Palmview’s Strawberry Fields forever busy
THE Sunshine Coast is set for its annual red-berry boon with backpackers settling in for the strawberry picking season.
Foreigners keen to complete employment requirements for their working travel visas are queued up waiting to start plucking fruit from Sunshine Coast strawberry farms.
Palmview's Strawberry Fields farm manager Brendon Hoyle said the earliest of the season's bounty had already been harvested, with operations expected to increase in the coming weeks.
"About now is when we start to build the numbers up," Mr Hoyle said.
"We'll probably employ around 50 to 55 pickers and packing staff will probably be up to 35 or 40 in the shed."
He said his farm generally sought backpacker workers from hostels on the Coast.
"But with the advent of social media and the internet we get a lot of inquiries through Facebook and these are referrals from friends of friends from all over the globe.
"We've got Irish, French and a lot of Taiwanese and Koreans as well."
He said he hoped to keep workers until the end of the season, which was usually October.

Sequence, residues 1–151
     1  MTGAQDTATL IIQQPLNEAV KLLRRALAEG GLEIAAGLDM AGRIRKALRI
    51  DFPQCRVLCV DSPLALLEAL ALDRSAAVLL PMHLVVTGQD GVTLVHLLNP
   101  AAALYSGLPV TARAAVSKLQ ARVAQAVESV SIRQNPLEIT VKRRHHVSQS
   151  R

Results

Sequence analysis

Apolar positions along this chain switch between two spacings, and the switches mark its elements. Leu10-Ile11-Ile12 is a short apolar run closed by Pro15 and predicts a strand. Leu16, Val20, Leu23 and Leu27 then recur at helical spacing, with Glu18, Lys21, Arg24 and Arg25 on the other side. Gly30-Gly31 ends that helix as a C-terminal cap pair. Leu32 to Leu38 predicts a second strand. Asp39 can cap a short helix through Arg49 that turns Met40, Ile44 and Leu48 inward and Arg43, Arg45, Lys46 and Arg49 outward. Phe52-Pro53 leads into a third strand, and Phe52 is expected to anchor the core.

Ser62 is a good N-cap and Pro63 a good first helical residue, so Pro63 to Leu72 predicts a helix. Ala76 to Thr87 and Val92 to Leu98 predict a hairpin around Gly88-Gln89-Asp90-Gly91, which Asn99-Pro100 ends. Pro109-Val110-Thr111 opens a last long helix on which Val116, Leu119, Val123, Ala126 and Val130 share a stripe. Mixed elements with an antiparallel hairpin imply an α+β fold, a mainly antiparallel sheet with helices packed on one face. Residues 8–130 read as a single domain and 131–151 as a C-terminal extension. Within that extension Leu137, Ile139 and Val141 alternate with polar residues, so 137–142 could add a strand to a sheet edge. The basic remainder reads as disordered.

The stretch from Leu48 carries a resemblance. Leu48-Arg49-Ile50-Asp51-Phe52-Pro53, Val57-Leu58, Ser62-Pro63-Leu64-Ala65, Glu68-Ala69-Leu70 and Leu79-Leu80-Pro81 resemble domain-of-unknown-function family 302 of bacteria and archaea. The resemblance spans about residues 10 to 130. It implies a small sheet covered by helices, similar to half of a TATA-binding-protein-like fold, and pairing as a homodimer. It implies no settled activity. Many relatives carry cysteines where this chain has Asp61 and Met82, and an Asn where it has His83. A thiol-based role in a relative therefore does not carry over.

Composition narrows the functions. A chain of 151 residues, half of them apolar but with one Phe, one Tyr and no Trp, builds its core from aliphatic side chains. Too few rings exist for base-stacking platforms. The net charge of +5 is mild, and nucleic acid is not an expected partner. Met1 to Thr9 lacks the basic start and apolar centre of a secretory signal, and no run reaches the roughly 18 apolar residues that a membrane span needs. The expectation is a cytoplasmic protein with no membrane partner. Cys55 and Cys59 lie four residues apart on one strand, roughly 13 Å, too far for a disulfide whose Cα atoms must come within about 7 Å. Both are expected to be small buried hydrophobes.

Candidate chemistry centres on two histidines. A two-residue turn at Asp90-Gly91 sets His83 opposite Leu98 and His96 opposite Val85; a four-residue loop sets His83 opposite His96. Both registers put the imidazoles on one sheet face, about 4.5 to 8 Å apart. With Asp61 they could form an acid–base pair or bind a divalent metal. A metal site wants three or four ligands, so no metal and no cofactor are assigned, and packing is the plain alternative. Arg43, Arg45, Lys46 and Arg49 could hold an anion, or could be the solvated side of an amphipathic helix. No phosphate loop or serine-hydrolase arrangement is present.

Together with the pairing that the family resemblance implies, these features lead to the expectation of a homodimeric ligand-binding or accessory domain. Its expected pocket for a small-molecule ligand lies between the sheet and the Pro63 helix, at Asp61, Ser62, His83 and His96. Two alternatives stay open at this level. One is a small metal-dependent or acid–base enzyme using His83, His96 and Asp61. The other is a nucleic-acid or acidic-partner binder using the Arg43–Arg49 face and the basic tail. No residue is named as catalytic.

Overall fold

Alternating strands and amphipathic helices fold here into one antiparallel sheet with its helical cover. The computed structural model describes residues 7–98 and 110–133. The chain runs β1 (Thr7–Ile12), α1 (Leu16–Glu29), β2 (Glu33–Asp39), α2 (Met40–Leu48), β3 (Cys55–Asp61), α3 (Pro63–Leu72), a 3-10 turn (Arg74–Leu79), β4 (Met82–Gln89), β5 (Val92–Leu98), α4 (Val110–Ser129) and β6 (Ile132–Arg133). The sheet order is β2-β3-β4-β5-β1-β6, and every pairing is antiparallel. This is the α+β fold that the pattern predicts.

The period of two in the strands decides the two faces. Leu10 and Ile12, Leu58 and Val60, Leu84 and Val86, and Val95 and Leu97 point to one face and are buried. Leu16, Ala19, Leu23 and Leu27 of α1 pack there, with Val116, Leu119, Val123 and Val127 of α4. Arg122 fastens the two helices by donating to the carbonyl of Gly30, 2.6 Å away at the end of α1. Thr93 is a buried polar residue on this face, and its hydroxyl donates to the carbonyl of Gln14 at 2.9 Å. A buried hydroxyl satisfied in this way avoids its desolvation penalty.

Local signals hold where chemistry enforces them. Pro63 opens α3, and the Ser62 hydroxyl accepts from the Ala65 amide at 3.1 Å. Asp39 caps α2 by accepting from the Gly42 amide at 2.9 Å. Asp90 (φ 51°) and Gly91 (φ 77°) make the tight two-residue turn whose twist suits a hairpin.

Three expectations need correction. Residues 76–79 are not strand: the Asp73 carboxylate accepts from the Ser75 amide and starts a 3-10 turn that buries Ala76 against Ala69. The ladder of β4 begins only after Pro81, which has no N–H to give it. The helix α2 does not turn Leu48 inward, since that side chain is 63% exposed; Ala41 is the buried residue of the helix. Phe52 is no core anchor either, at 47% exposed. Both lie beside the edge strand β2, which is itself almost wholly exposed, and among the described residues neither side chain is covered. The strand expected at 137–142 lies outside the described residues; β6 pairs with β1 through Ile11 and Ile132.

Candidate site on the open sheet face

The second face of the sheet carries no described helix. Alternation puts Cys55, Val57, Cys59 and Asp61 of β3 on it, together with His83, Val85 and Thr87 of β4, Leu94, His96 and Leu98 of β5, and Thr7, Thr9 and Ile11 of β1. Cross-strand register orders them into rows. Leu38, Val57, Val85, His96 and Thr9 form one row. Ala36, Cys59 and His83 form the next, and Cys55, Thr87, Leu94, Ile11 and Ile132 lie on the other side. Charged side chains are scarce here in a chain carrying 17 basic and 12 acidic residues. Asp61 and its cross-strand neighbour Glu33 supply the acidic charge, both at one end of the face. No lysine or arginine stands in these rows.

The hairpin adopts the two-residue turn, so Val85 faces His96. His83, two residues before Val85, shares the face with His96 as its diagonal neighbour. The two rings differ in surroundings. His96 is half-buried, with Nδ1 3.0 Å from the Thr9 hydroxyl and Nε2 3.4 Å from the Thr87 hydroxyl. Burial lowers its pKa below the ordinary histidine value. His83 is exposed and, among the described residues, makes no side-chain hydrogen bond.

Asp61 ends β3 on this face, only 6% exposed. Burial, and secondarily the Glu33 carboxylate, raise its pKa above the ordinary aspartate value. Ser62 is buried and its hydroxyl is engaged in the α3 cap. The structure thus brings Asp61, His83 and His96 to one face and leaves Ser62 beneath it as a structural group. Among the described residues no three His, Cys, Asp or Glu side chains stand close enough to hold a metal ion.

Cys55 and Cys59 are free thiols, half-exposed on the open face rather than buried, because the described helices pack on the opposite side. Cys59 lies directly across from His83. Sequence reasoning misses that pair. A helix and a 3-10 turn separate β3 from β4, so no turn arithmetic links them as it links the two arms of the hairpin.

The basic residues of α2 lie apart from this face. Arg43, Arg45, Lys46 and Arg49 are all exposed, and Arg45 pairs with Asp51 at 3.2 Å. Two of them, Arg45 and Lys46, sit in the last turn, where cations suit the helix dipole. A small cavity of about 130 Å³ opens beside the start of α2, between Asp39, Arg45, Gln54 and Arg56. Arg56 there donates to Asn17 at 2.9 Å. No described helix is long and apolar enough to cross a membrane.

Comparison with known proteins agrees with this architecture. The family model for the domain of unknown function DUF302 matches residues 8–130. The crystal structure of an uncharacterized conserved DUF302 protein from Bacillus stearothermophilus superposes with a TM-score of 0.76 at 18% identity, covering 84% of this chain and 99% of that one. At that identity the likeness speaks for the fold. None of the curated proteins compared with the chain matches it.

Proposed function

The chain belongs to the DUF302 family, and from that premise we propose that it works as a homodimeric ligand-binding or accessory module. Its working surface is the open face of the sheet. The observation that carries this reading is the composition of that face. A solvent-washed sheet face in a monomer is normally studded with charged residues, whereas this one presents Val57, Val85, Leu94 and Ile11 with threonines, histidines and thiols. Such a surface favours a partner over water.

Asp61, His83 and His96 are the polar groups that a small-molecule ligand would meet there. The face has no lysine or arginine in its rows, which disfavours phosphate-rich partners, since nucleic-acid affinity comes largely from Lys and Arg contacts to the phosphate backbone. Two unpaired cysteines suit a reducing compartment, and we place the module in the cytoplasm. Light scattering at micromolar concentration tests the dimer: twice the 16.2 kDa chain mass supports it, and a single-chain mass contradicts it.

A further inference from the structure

"The less turnover we can have the better off we are."
Mooloolaba Backpackers staff member Shannon Mauger said there were about 80 people living off site who had registered on the strawberry work waiting list.
Mrs Mauger said about another 15 were living at the backpackers waiting for work.
She said they received daily inquiries from backpackers wanting to add their names to the lists.
The interest has helped lift accommodation demand during the winter months.
"It is definitely business we normally wouldn't get," Mrs Mauger said.
She said the hostel had agreements with farmers to ensure the workers could get to the farm on time, with the right provisions to get them through a day in the sun.
"We can usually get enough workers for each farm."
Queensland Strawberries industry development officer Jennifer Rowling said the Coast could expect between 2500 to 3000 workers to come in over the picking and packing season.
Mrs Rowling said having backpacker accommodation available was a great help.
"They don't have that down in the Moreton (strawberry growing) area where there are issues with accommodation," Mrs Rowling said.
She said the direct link between growers and workers eliminated the risk of exposure to some dodgy labour hire operators.
"We want to make sure the backpackers have good accommodation and aren't being placed in houses and things that aren't appropriate."